Tae-sool orders Seo-hae to wait here while he goes to the bathroom, and after disappearing for a few minutes, he returns and takes them to their next destination. They stop by the police station to visit her dad, and Tae-sool asks him to capture present Sigma and call this number when he does.

Dad agrees to do it if it means stopping the war, and they thank him for his cooperation. As they walk away, Dad calls out to Seo-hae and asks to hug her once. She runs into his arms, and Dad pats her on the back like he does in the future.

The next stop is Asia Mart, and the Tae-sool we saw before buying the guns is actually this Tae-sool. He whispers in Mr. Park’s ear the message from the broker’s future self: his daughter was next to him all this time. He tells the brokers to come to the church tomorrow if they can and leaves.

Tae-sool meets Seo-hae in a dark alley and waits for their ride to pick them up. A familiar car drives up to them, and Sun gets out—alive and well. He reveals the bulletproof vest he was wearing the entire time and explains what happened.

Back when Tae-sool left Seo-hae at the park, he went to find Sun and gave him his vest. He told the younger man to keep their meeting a secret and asked him to trust him like he did during their first rescue mission.

Though the vest saved his life, Sun tells Seo-hae that he legitimately fainted back then because of the pain. He flinches when she gets closer, expecting a beating, but Seo-hae hugs him instead. As he lets down his guard, she punches him in the gut. She asks Tae-sool if he has more secrets, and he promises that this was the last one.

While Seo-hae’s present self attracts all the guards’ attention, she and Tae-sool use the back door to get upstairs. They quietly set up her weapon, and Tae-sool looks down at Sigma, muttering under his breath that things are just getting started.

At the park, Dad and his fellow officers search for present Sigma and find him hunched over in a corner. Dad approaches him slowly, and present Sigma stares at him with fearful eyes. After verifying his identity, Dad walks up to present Sigma and drapes his jacket over the shivering man.

As present Sigma looks up at Dad with tears in his eyes, Sigma flickers right at that moment, which allows Seo-hae to attack him. The scene unfolds like before, and upstairs, Tae-sool urges Seo-hae to shoot faster before Sigma gets a chance to hit her. Heh.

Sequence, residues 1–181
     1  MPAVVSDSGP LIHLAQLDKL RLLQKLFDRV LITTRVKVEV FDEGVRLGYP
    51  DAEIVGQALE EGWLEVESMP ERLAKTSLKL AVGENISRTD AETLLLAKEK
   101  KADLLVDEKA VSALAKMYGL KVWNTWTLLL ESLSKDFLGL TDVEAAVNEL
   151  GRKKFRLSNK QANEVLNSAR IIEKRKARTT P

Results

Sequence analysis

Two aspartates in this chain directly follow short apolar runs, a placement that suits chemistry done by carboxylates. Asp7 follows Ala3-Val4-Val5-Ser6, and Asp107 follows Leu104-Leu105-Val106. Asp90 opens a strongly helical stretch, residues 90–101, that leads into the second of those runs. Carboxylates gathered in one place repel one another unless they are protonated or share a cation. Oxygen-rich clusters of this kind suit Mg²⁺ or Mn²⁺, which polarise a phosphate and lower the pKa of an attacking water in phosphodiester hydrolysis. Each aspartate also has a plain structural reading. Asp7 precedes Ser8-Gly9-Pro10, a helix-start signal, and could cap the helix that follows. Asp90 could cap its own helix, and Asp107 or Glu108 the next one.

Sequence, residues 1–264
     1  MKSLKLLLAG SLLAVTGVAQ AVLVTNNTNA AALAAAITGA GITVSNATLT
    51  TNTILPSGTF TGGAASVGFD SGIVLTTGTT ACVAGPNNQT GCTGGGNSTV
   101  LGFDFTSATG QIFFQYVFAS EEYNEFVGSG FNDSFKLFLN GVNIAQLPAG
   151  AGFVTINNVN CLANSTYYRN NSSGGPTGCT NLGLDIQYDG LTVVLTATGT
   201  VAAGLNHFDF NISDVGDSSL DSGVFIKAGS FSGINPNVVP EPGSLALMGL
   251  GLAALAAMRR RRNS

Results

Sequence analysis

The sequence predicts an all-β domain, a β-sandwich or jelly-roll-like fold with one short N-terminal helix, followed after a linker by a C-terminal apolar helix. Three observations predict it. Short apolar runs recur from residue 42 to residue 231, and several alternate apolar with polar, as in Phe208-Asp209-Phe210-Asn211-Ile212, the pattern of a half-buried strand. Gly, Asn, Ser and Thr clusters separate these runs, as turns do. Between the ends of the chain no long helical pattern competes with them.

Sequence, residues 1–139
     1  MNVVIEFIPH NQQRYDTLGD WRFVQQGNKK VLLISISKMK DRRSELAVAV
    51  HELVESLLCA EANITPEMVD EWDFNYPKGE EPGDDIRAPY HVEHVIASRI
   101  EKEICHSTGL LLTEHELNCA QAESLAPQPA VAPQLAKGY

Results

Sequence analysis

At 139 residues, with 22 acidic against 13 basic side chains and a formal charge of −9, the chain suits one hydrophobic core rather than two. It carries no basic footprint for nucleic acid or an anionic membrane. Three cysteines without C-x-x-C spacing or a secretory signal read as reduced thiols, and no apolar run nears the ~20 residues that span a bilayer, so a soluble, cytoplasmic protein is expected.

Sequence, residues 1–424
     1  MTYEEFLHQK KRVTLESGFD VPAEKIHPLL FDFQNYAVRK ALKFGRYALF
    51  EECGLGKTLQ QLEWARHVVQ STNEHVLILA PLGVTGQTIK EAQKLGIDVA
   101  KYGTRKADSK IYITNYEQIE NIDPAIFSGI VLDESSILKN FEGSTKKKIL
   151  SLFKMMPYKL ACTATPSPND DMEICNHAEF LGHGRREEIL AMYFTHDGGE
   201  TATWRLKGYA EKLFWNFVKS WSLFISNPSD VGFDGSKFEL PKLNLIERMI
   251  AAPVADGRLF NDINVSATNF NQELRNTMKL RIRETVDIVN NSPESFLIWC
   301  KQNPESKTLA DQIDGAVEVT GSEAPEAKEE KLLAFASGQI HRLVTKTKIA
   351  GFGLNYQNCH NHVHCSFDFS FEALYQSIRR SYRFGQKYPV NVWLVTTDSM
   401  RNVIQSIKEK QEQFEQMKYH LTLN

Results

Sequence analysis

Seo-hae stands up to shoot Sigma, but it causes her present self to look in her direction and makes them both flicker. Though Sigma seems to realize what is happening, it is already too late as Seo-hae pulls the trigger and shoots him.

Since Seo-hae is weakened, Tae-sool helps her carry the gun to finish the job, and she tells her present self that she will save her. She shoots, and Sigma falls to the ground once again.

After their present selves leave, Tae-sool and Seo-hae go downstairs to watch Sigma disappear, and as soon as he is gone, she flickers as well. Tae-sool hugs her, knowing that their end is near, and they both hold back their tears.

He tells her that this is all he saw, and she caresses his face before kissing him on the cheek. She thanks Tae-sool for everything, and he leans in for a proper kiss. She slowly vanishes in his arms, and he begs her to stay.

As they embrace one last time, Seo-hae suddenly solidifies, and they pull apart in shock. They wonder what is happening, and the doors swing open. The intruder fires a gun, and Tae-sool catches Seo-hae as she falls. A look of betrayal contorts Tae-sool’s face as he sees his old friend walk towards them.

Seung-bok throws the laptop at Tae-sool and orders him to finish the code. He tells him to build it so they get another chance, but Seo-hae tells him to stop things here. Watching her writhe in pain, Tae-sool screams at Seung-bok, asking why he did it.

His old friend offers to let them go if Tae-sool knows his birthday, but Tae-sool cannot answer. Seung-bok gives him another chance, asking if he knows how many times he kneeled on his behalf, and tells Tae-sool that he sacrificed so much for him.

He claims to have loved Seo-jin first and gave up everything for Tae-sool because he was nothing more than a sidekick. He complains about Tae-sool never thanking him even once and says that he will start over and win back Seo-jin this time. Tae-sool calls him crazy, but Seung-bok repeats Sigma’s mantra: “Don’t look at me like that!”

Seung-bok vows to take everything from Tae-sool and makes him choose between the world or the girl. Though Seo-hae begs him to not build it, Tae-sool relents and asks Seo-hae to try again with him. As he writes the code, missiles streak the sky.

Seo-hae tells Tae-sool that she is fine and points out that this will never end if they continue. Images of the world’s destruction play on screen, and Tae-sool stares at Seo-hae, looking conflicted. He notices the gun on the floor and grabs it.

Tae-sool points his gun at Seung-bok who points his own at Seo-hae. Looking over at her, Tae-sool admits to knowing the solution from the very beginning, but he avoided it in order to be with her. He asks Seo-hae to come find him even if there is no future and smiles at her. Raising the gun to his head, Tae-sool shoots himself, and Seo-hae screams his name.

The missiles in the sky disappear, and all around the country, the time travelers vanish as well. In Sigma’s old headquarters, Tae-san wakes up with a look of understanding on his face. While the rest of the world continues living in ignorance, Dad stares up at the sky and knows that his daughter won.